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U2 played four concerts in Dublin towards the end of the tour, from 26th December until New Years Eve, 1989. The 31 December 1989 Dublin concert was broadcast on RTE and BBC radio around the world, giving many fans their only taste of the tour; it was widely bootlegged and ultimately officially released in digital form in 2004 as 'Live from the Point Depot'.
Therefore, I am a little skeptical about the origin of this bootleg being from the 26th Dec. It is more likely that it is a re-release of the Bootleg New Years Concert held on the 31st December. Perhaps someone might be able to clarify if this is the case. Unofficial releases from an artist’s beginnings and endings are the most interesting to hear.  It illuminates a band’s decision and U2 went through a major change in the beginning of the new decade.  Through the eighties they established an aesthetic based upon a dramatic interpretation of new wave tinged with overtly political themes.  It was by the time they hit the Lovetown tour that they decided a change in direction to their sound was necessary for the new decade.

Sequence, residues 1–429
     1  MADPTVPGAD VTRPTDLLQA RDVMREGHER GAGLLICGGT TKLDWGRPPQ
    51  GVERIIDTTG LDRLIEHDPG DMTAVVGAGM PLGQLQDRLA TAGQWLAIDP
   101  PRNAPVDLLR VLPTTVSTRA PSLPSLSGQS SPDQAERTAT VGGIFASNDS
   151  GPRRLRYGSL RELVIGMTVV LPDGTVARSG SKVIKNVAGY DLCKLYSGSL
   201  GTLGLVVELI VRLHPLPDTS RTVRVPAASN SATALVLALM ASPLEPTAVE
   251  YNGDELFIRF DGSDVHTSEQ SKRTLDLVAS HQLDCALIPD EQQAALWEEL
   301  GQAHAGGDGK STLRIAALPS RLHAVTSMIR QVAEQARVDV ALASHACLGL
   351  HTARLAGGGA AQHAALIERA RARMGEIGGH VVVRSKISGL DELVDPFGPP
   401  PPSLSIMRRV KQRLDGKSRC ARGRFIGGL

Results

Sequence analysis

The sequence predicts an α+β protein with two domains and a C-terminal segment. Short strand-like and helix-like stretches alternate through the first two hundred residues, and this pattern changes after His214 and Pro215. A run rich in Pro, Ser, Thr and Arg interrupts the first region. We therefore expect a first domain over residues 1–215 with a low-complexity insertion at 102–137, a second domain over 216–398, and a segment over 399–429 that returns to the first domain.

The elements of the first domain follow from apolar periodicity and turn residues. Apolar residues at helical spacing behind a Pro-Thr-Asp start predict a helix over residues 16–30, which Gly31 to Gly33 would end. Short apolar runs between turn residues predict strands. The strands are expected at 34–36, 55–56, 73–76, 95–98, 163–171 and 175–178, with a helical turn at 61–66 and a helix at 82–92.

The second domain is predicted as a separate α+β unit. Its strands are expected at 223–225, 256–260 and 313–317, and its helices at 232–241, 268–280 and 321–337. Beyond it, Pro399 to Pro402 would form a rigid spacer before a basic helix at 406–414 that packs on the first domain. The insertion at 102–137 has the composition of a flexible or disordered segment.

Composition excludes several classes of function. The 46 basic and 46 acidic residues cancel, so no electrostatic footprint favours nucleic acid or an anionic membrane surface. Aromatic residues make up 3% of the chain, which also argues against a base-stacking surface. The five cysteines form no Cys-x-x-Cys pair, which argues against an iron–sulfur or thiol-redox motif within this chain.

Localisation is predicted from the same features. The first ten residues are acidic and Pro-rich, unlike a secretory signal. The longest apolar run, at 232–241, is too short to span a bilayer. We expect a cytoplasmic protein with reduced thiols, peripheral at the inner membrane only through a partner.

The four shows in Dublin during the holiday season represent a swan song of sorts and, after four shows in Rotterdam in January, U2 would never be the same.  This is the ending of the serious U2 focused upon political themes in their hometown to a global awareness and a deeper address to other forms of media manipulation.
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U2 & B.B King
Meeting veteran blues player B. B. King, a Memphis man whose recording career began before Elvis's, provided another opportunity for U2 to experiment with the blues.
The relationship between B.B. King and U2 began in Dublin back in the early part of 1986. They met up whilst B.B. King was working in Ireland, and had talked about doing some writing and recording together at some unspecified point in the future.
The band wrote "When Love Comes to Town" for him, Bono only finishing the lyrics an hour before he met him in Fort Worth, Texas.